How about something done poorly? I submit to you, Conventional Changelog.
Conventional Changelog is a spectacular idea. In short, it's a set of conventions and tools for enforcing structure on your git commit messages, with the excellent outcome of being able to directly convert your git history into patchnotes/changelogs. I borrowed this idea for the patchnotes you see for our games, so that no one on the team had to do extra work to cause our patchnotes to exist.
The fact that I made my own version of this tooling tells you everything: Conventional Changelog is horrible tooling.
Yeah, I said it! So... what does it do wrong?
- It has no common use cases. In fact, if you can figure out how to use it at all, or which tool to use, or what the default formatting expectations are, you'll be miles ahead of me!
- It was apparently made generic enough for anyone, and has no obvious initial opinions on what it should do. So it sorta... does nothing by default. It has no target audience.
- It's super hard to use out of the gate. I do use it on some of my open source projects. Here's the CLI command that makes it go:
conventional-changelog -p angular -i CHANGELOG.md -s -r 0. I had to specify which formatting options I want ("angular"), but there's no list anywhere of what the options are. I also had to add those final
-s -r 0options. I have no idea what those do, or why they're required. I apparently figured all of that out a long time ago and have been copy-pasting ever since.
- The amount of work you have to do to learn anything about what this is and how to use it is absurd, given how simple the main use case is (enforce a simple convention for commit messages, and create a Markdown changelog with those messages).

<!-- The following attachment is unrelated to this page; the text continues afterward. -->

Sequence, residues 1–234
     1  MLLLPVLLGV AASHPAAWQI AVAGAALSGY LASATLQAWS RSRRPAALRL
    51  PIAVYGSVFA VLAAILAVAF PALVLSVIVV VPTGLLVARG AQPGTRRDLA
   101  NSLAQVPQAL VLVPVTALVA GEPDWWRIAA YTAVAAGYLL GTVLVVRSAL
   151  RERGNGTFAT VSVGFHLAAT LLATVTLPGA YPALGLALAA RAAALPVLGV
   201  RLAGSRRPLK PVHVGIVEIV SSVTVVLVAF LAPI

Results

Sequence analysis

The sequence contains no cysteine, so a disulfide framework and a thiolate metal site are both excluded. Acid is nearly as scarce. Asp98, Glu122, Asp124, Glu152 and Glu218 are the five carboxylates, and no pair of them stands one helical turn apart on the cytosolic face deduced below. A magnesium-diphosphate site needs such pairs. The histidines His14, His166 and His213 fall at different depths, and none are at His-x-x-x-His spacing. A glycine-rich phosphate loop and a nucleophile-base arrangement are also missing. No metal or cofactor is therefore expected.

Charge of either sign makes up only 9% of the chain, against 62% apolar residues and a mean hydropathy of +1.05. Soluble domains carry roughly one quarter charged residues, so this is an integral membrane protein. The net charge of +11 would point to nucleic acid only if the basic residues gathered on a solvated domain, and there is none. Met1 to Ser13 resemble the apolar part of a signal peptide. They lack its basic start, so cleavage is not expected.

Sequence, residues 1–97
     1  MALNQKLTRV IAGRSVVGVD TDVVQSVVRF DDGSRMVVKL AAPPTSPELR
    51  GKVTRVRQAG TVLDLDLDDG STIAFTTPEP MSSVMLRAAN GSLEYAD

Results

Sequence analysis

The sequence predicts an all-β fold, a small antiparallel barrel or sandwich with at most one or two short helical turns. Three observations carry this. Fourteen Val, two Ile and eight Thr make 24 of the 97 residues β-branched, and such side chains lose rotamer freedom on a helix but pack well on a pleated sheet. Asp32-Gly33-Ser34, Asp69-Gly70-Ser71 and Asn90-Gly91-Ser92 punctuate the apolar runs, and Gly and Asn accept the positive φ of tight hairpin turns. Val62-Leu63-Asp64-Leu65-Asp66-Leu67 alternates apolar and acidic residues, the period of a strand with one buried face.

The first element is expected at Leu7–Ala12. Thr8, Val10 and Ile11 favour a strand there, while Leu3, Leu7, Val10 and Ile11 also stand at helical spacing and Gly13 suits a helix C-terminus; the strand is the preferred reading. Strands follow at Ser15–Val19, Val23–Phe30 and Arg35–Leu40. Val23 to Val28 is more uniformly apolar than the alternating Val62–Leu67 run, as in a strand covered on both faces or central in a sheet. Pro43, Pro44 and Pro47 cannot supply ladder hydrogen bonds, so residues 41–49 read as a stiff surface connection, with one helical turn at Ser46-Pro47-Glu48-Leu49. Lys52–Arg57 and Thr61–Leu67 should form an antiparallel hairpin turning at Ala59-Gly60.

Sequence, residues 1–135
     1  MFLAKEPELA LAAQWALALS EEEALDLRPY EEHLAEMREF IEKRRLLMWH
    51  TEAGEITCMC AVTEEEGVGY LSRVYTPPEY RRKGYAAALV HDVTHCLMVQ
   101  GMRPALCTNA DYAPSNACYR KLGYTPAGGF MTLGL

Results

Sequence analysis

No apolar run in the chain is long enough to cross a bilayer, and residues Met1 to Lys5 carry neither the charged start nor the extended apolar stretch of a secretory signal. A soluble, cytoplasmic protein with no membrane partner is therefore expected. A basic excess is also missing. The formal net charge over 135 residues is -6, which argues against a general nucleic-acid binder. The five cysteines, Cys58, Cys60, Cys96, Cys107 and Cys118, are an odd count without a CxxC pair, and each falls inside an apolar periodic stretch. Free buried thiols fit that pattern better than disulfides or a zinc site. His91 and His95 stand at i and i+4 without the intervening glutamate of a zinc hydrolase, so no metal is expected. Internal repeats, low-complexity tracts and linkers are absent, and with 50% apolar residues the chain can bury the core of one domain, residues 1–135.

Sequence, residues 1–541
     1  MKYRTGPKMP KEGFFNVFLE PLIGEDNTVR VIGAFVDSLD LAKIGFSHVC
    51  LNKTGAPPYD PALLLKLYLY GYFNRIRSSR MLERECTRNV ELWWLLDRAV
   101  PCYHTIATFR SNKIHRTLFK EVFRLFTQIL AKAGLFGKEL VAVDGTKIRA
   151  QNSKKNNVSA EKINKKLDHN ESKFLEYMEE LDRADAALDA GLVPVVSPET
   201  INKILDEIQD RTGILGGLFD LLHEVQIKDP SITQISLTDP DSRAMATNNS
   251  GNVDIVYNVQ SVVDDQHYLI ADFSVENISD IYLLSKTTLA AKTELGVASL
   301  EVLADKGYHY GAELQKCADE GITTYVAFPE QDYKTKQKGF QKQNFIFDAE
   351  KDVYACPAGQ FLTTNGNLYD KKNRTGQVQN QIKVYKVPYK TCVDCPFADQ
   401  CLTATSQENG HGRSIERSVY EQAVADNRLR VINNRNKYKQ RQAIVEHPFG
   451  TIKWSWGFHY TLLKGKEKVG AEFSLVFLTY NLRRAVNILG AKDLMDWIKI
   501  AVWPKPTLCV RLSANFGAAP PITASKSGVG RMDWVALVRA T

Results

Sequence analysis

- The one thing they have going for them is that they have truly minimized their functional limitations. The project has seemingly dozens of tools that do different things related to this problem, each with infinite options and the ability to add plugins etc. The worked so hard to have the tools do everything, that they don't do anything without a lot of work.
Be like Prettier, not like Conventional Changelog.
Typescript migration nightmares
(If you don't care about webdev in general, and Typescript in specific, you'll probably want to skip this section.)
The goal with moving to Typescript is to make future development far easier by making it so my tools can do way more work for me. The tools can remember things so I don't have to, and they can see when I've written code that probably isn't doing what I expect.
Here's what the first week of conversion looked like:
- I reorganized the entire project to separate code files from non-code files. This is because Typescript has a compile step, and it is best to have the compile stuff appear somewhere else, which means that by default any path references to non-code files (like JSON or markdown) will be broken. Rumpus runs on Linux (I use Windows Subsystem for Linux to run it on Linux on Windows... and technically it's also in a Docker container on Linux...) so I was able to use the
- I had three, pseudo-independent sub-projects (tests, deployment code, and server code), so I used Typescript's "project references" to organize things to speed up Typescript compiling.
- One of the commands you can use is the
reignorecommand. This one is super useful for getting your project compiling. It goes through your project looking for Typescript errors, and then for every one it finds it adds a compiler directive comment (something like
// @ts-expect error ...) so that Typescript just says, "Cool, I don't care that this line looks broken!" and spits out compiled code anyway. I've found myself frequently re-running this script to get things compiling, since sometimes that's needed to move forward even with broken code.
- One of the commands you can use is the
- Node.js uses "CommonJS" modules, which is a fancy way of saying that you use commands like